Report: Dual Immersion leaves students behind | May 18, 2018 | Mountain View Voice | Mountain View Online |


https://mv-voice.com/print/story/print/2018/05/18/report-dual-immersion-leaves-students-behind


Mountain View Voice

News - May 18, 2018

Report: Dual Immersion leaves students behind

English learners don't appear to benefit from dual-language program in the long run

by Kevin Forestieri

Dual-language education programs have a strong track record of improving test scores and being an effective tool for narrowing the achievement gap, with the added benefit of bilingual fluency in an increasingly diverse world.

This story contains 1380 words.

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Email Kevin Forestieri at kforestieri@mv-voice.com

Comments

9 people like this
Posted by Christopher Chiang
a resident of North Bayshore
on May 19, 2018 at 10:49 am

Christopher Chiang is a registered user.

Few cities across the nation have the mix of at-risk students and affluent students in the same school community, and the district needs to strive to serve everyone. It's very possible that Mistral/DI took on too much in trying to both bring Spanish fluency to non-Spanish speakers, as well as aim to reduce the achievement gap among at-risk Spanish speakers.

Yet, there are many ways to reduce the achievement gap, including students enrolling in non-immersion schools or augmentation via after school and summer enrichment. But there is no alternatively reliable way to make non-native speakers fluent other than early full immersion. PAUSD does full early immersion as we currently do, their new immersion principal happens to be Mistral's old principal.

In a global city at the head of the world's economy, we need more programs to bring full fluency to non-native speakers, not less. We would be better served offering more full immersion opportunities, whether it be Chinese along with Spanish, not less.

On the moral imperative of preparing at-risk children for the future, serious treatment of computer science as a core literacy equal to (not more or less than) English and other traditional subjects is key. At risk students don't start CS (science in general) at a deficit relative to their peers, and it's a major confidence builder that will have applied positive impacts across their learning.


142 people like this
Posted by Upset DI Parent
a resident of Old Mountain View
on May 19, 2018 at 12:18 pm

There goes Dr. Rudolph again throwing an entire school under the bus! I'd really like to know what management school of thought he subscribes to? His actions and decisions are just truly mind boggling! What a disgraceful way to treat and demoralize a staff following his disgraceful treatment of many of our principals. The only thing he seems to be good at is hiring consultants to study our communities and tell us how badly we are doing. Yet after three years he himself has produced no results, only problems and screw ups topped by the Teach to One fiasco. His rapport with the community is non-existent. I for one have lost my patience with this man and the incompetence.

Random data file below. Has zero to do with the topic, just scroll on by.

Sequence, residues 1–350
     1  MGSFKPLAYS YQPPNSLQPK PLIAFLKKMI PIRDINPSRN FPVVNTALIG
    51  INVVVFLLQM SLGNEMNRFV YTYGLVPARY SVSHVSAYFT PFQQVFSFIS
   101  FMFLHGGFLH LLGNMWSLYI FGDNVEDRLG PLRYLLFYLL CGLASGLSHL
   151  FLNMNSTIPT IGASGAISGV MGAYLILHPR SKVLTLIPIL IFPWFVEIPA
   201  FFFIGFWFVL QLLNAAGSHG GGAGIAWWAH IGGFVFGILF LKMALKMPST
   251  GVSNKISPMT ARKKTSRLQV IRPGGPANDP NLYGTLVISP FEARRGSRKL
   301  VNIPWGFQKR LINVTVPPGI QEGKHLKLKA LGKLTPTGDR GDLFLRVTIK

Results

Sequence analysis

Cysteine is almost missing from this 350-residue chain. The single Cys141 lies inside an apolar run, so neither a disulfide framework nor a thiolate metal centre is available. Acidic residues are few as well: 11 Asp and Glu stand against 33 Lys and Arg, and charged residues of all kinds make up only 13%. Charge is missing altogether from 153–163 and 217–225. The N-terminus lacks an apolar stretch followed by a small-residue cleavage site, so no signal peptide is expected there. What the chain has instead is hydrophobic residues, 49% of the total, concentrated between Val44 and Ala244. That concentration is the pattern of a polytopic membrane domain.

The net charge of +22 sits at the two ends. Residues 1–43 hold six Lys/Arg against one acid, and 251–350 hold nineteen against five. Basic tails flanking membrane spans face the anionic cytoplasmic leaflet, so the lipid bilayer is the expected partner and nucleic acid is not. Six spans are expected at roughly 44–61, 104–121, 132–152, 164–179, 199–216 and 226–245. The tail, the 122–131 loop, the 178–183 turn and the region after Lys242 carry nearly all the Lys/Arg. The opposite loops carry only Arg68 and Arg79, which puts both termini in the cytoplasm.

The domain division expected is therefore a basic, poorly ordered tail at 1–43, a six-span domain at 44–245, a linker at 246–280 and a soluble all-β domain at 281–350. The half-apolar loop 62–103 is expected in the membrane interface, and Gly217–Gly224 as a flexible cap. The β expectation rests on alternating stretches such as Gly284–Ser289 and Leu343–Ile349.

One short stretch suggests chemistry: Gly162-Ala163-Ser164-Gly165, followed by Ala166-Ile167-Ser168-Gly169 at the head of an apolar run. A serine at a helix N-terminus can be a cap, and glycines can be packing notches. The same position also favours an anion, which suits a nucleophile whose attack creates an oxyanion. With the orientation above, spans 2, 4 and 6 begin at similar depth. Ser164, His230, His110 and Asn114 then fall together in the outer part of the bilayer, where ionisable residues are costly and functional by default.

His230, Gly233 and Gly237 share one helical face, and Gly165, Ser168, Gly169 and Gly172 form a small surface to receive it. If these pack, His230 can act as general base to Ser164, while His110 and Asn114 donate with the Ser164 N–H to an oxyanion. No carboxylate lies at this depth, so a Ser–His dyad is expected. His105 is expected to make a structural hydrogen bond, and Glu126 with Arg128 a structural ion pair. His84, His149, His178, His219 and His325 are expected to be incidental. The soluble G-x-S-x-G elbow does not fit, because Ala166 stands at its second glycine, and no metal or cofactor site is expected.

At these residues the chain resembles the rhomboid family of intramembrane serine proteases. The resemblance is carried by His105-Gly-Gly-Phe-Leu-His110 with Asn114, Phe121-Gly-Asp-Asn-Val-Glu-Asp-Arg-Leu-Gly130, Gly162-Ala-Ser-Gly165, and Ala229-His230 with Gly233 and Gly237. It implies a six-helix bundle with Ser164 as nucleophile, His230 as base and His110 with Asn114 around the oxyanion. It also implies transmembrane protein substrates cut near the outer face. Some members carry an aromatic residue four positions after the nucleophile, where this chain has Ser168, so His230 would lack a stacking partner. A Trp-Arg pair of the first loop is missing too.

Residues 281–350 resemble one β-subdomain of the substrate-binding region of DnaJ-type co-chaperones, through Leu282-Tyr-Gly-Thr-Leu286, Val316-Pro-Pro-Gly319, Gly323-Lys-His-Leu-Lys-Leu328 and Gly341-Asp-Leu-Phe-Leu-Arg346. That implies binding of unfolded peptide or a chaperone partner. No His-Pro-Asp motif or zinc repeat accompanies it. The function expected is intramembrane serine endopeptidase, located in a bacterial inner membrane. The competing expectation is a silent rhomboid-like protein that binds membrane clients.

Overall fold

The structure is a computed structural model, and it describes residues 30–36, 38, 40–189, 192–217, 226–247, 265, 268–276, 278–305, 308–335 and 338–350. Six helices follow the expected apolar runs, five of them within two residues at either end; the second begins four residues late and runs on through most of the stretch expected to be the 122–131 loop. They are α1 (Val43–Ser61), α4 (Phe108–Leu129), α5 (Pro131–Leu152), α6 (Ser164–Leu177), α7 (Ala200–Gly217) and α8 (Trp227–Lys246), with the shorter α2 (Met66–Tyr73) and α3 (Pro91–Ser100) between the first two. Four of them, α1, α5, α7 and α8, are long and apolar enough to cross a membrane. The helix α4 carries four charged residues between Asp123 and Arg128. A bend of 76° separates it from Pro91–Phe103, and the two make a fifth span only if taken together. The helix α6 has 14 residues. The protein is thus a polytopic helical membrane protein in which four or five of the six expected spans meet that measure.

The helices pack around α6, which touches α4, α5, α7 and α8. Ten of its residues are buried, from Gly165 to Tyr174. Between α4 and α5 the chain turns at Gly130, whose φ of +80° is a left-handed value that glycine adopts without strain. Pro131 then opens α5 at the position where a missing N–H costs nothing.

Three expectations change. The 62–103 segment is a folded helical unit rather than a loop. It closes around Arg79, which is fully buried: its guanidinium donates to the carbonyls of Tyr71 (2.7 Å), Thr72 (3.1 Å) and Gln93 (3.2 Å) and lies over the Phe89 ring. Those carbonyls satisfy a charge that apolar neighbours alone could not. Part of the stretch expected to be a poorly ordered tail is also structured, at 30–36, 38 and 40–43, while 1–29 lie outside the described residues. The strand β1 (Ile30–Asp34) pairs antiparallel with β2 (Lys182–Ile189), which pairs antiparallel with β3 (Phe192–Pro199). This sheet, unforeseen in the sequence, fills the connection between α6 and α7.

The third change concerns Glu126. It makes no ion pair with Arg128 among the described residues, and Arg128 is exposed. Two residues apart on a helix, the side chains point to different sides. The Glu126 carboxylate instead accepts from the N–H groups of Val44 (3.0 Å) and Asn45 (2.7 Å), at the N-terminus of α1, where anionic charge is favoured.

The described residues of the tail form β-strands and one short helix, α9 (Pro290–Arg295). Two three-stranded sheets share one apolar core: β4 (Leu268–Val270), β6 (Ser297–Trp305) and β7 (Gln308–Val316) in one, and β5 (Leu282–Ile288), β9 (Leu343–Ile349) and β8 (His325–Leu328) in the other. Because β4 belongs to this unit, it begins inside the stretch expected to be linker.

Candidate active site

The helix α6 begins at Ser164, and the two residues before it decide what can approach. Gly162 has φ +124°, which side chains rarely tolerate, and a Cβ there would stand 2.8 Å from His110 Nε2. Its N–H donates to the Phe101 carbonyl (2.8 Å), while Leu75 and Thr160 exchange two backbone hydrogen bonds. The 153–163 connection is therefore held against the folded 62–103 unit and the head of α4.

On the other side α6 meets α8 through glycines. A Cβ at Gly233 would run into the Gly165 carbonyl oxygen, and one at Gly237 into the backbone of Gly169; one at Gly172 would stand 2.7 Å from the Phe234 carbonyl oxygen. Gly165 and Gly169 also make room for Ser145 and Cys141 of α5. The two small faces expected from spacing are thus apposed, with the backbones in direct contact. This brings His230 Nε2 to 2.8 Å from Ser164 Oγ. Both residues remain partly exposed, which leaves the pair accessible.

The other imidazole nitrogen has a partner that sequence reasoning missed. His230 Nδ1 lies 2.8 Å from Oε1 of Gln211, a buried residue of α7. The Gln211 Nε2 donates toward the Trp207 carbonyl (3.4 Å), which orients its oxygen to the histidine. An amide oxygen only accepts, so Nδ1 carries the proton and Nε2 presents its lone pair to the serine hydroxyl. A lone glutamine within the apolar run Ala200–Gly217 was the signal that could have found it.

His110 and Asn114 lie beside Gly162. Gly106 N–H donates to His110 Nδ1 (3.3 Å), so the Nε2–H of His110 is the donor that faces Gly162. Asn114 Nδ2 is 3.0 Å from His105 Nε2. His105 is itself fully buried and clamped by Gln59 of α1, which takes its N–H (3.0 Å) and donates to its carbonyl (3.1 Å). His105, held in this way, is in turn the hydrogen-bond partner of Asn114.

Our DI teachers and parents were totally blindsided and upset by this article which mixes fact with fiction and confuses cause with effect over the ten years of data it looked at. And this came after a supposed board retreat with parent input to make the DI program better and expand it to middle school! But now it appears as nothing but an excuse to dial back DI to a 50/50 model. It appears to have been in the works for quite some time through deliberate deception and guile. And it will now be led by a principal with zero experience who was hired directly out of Rudolph's former district (just like the principal just appointed to Slater---any one notice a disturbing pattern here?). In the meantime we have lost one of the most highly-qualified principals with DI experience and vision to Palo Alto!?!

From talking to our teachers, what's ironic is that if you read the article carefully you will understand that the low performance tracked looked at middle and high school English Learners from former DI class cohorts over ten years. The vast majority of the composite data was from BEFORE Mistral even became a completely separate school! In fact, there's even more irony given Rudolph's very own right hand toughie, Chief Human Capital Officer Carmen Ghysels, was the principal at the time the cohort of students data looked at would have performed so terribly! Many of the teachers from the time have left. And the same applies to class cohorts led by the very highly respected Dr. Judy Crates! Even though we are a completely different school barely three years old, it appears we are clearly in the cross hairs for elimination by Rudolph and the Board. Even more ironic is that these cohorts belong squarely under the Board leadership of Chiang and Nelson and Wheeler as well! So they own the perceived failures just as much and the former teachers and principals who were responsible for the 10 years of cohorts studied!

Yet what does Dr. Rudolph do? He attempts to falsely equate the problem to teachers and strategies currently in practice in classrooms now at Mistral. And his experience and expertise in DI is nil! The fact is that there have been many changes made in the last three years to improve the current 90/10 model. He would know this if he had ever bothered to spend time at our campus and speaking with the community rather than attacking it and dismantling it peicemeal.

I strongly urge any one reading this to vote out the current board at the next election and push hard for a new superintendent who truly understands and cares about this community!


81 people like this
Posted by Incoming Kinder Parent
a resident of Old Mountain View
on May 19, 2018 at 1:32 pm